15 Responses to “Twelfth Week Ultrasound Update: Nuchal Translucency, Autism and Zombies”

  1. Linda says:

    I’m so relieved and happy for you guys. What wonderful news!

    September 11th, 2007 at 7:00 pm

  2. Rev. Larry says:

    ah,oh now people will expect you to write about baby making skills , whole new field.
    the Rev Larry M. whose special blessing gave you special powers for proper baby making-way to go team
    very happy for us all
    Love, uncle Larry

    September 11th, 2007 at 9:23 pm

  3. Mark says:

    Very cool news AJ. Since you refer to the baby as “he,” I assume I missed the post where you confirmed the sex. Welcome to the wonderful world of parenting a boy, get ready for a fun ride.

    September 12th, 2007 at 1:10 pm

  4. Adrian says:

    What if the “updated risk after screening” was the same as or greater than the “before screening/generic” test results?

    September 12th, 2007 at 1:14 pm

  5. AJ says:

    Mark, nah, we don’t know the baby’s gender. I just get tired of calling a baby “it.” Calling the baby “she” might confuse “it” with my 3-year-old daughter, so I wrote “he.”

    Adrian, my understanding is that if our nuchal translucency was abnormal, they would have performed an amniocentesis. That’s where they stick a needle through the abdomen to take a sample of amniotic fluid from the uterus. Then they do genetic testing to determine if the baby has fetal hydrops, Down syndrome or another genetic issue.

    As is, aside from the ultrasound in Santa Rosa, a blood test was performed from a blood sampling kit we received by mail a few weeks earlier. We were sent a couple tiny plastic boxes with a needle-size hole in each. I pushed the box against my wife’s finger, and after a certain amount of force, the needle shot out and pricked her. It’s a one-time-use-only gadget. She then smeared the blood on a test strip and we mailed it off.

    September 12th, 2007 at 1:51 pm

  6. Priscilla says:

    Congrats on the good news. I hope you guys can completely enjoy the rest of the pregnancy!

    September 12th, 2007 at 5:51 pm

  7. Chief Family Officer says:

    Yaaaaaaaaaaay! Congratulations!

    So did you get a guess at the gender? Both times I asked my peri at the 12-week u/s and he pretended I was twisting his arm, then immediately blurting out that it was a boy. :)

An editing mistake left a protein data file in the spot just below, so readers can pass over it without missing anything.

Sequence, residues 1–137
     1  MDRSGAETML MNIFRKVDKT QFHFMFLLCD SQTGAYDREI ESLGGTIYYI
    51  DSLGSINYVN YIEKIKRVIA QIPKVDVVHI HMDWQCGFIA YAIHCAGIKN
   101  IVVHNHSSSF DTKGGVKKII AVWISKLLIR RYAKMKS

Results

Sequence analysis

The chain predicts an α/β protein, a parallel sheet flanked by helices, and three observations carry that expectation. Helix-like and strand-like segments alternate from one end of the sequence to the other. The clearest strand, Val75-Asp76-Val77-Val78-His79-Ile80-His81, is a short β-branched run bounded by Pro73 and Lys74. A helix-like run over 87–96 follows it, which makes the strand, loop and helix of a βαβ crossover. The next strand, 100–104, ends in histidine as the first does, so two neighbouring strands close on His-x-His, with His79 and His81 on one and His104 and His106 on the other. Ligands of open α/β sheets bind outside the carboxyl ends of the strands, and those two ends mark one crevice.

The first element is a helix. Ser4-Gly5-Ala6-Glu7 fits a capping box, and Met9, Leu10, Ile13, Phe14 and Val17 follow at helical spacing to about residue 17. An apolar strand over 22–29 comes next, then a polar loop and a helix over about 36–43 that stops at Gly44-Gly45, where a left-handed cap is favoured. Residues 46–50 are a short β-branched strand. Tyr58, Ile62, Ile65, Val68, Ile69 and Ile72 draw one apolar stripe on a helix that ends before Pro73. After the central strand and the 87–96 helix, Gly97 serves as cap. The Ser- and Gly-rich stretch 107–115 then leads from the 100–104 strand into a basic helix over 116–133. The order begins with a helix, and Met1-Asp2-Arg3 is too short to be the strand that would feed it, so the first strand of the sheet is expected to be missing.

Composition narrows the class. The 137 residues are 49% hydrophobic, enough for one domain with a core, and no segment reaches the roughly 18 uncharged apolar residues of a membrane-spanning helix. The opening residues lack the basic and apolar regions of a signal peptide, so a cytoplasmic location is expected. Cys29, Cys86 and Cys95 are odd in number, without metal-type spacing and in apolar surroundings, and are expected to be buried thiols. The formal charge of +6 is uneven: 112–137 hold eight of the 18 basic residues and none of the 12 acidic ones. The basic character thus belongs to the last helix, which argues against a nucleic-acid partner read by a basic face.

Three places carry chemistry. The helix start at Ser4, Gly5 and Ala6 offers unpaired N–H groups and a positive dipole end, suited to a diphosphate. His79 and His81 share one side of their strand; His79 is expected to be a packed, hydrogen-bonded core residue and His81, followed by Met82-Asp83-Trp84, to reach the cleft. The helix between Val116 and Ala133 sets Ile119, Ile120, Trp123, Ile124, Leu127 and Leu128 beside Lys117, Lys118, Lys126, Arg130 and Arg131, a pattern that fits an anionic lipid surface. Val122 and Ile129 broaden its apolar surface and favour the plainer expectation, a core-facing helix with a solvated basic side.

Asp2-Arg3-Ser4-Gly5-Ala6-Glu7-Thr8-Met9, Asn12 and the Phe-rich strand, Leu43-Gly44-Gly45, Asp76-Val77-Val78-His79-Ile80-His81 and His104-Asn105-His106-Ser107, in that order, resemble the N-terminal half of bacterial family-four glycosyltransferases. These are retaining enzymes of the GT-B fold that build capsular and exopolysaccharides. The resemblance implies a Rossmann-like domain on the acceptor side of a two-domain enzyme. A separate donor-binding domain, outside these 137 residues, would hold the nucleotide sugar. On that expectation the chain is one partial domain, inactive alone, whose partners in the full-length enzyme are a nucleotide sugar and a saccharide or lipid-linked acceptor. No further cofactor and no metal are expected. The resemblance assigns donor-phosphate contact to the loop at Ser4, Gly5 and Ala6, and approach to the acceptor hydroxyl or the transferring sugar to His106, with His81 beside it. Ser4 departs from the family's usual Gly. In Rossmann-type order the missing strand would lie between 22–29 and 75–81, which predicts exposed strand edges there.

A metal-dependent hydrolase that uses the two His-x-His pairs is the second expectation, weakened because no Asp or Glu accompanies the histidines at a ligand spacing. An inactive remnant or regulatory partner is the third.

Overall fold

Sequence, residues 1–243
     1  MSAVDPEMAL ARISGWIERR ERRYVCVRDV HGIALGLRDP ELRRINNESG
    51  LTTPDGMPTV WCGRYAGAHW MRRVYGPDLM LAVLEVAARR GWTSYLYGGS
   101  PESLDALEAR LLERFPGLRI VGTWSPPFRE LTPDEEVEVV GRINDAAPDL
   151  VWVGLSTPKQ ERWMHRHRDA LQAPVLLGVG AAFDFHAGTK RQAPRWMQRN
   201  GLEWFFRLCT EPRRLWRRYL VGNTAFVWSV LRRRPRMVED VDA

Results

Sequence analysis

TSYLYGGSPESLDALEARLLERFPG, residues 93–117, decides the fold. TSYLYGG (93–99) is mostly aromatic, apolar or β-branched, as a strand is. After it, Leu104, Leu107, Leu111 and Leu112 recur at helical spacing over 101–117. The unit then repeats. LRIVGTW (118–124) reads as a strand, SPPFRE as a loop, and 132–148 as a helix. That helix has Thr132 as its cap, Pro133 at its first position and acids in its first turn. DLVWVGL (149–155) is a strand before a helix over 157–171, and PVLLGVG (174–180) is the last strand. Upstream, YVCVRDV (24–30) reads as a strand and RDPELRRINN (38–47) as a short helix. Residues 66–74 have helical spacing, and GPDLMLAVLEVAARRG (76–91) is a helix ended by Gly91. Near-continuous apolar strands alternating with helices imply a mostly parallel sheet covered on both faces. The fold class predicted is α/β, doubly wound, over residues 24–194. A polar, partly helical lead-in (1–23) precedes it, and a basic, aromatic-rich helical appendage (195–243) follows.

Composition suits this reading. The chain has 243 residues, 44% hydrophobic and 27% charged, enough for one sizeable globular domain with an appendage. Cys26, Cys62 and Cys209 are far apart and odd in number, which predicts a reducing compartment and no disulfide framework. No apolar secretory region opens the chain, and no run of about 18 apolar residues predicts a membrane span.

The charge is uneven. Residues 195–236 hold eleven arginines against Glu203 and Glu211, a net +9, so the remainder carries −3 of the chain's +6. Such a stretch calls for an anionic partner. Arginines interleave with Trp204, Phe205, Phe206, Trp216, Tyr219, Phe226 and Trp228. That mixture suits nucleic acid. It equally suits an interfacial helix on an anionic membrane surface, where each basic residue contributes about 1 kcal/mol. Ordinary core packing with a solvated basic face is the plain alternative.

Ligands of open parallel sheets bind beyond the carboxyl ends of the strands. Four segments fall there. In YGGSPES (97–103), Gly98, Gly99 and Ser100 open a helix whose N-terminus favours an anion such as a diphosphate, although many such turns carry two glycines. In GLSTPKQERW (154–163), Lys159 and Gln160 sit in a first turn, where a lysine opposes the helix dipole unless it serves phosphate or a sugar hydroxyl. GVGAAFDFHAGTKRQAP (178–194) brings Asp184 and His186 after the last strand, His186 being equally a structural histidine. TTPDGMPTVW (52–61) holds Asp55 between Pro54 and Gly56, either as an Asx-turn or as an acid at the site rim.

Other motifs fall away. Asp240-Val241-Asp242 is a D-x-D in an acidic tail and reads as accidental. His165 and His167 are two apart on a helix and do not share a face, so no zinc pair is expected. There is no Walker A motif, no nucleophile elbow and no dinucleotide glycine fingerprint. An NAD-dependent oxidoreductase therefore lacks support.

September 12th, 2007 at 8:54 pm

  8. John and Judi, Portland says:

    You’re calling your wife “. . .a generic 33-year-old woman. . .?

    For shame.

    If she were generic, she wouldn’t be a phenomenal nurse, fantastic wife and great mother!

    Congratulations to the three, er, four of you. Our best for an uneventful pregnancy and birth.

    j et j

    September 13th, 2007 at 7:25 am

  9. Maria says:

    So happy to see your baby will be healthy, but for your readers info…there are many support sites for trisomy 13 & 18 support. With the early screening, many opt to terminate, yet the families who do have children who are survivors with these syndromes tell of the many blessings these kids bring.
    Enjoy your pregnancy

    September 13th, 2007 at 7:40 am

  10. Bob says:

    congrats! Glad to hear everything is good..
    Here’s to raising a boy :) I’ll be right there with you in a few weeks

    September 13th, 2007 at 7:43 am

  11. Jessica says:


    Loved your post. As the mother of an amazing daughter with Down syndrome, it is sometimes hard to accept that people actually terminate based on a trisomy diagnosis. In any case, I was 1 in 7,691-God works in mysterious ways and trumps science ;)

    I am glad to see that the baby is healthy.Best of luck

    September 13th, 2007 at 8:25 pm

  12. Dani says:

    So glad to hear that everything is going well. We’ve been hoping and praying for you.
    We thought our son went from looking like a blob, to a teddy graham, finally to alfred hitchcock. (There was a crazy profile ultrasound, luckily he bears no resemblence when we finally saw him).
    Congrats and best wishes!!

    September 18th, 2007 at 8:39 am

  13. Lori Schaefer says:

    wow. and I thought you didn’t have a sense of humor. I laughed until I thought I would pee. especially your graph and the part about Han Solo frozen in carbonite, complete with a link so I could refresh my memory as to what Han Solo frozen in carbonite actually looks like. I will never look at nuchal translucency the same way again.

    September 18th, 2007 at 11:00 am

  14. AJ says:

    Lori, I apologize. I did not intend for my words to cause you incontinence. May you find serenity in your life.

    September 18th, 2007 at 5:14 pm

  15. Sun says:

    Thanks for this story – was helpful to us who go to our test in just a few weeks.
    love the graph!! LOL

    February 1st, 2009 at 12:12 pm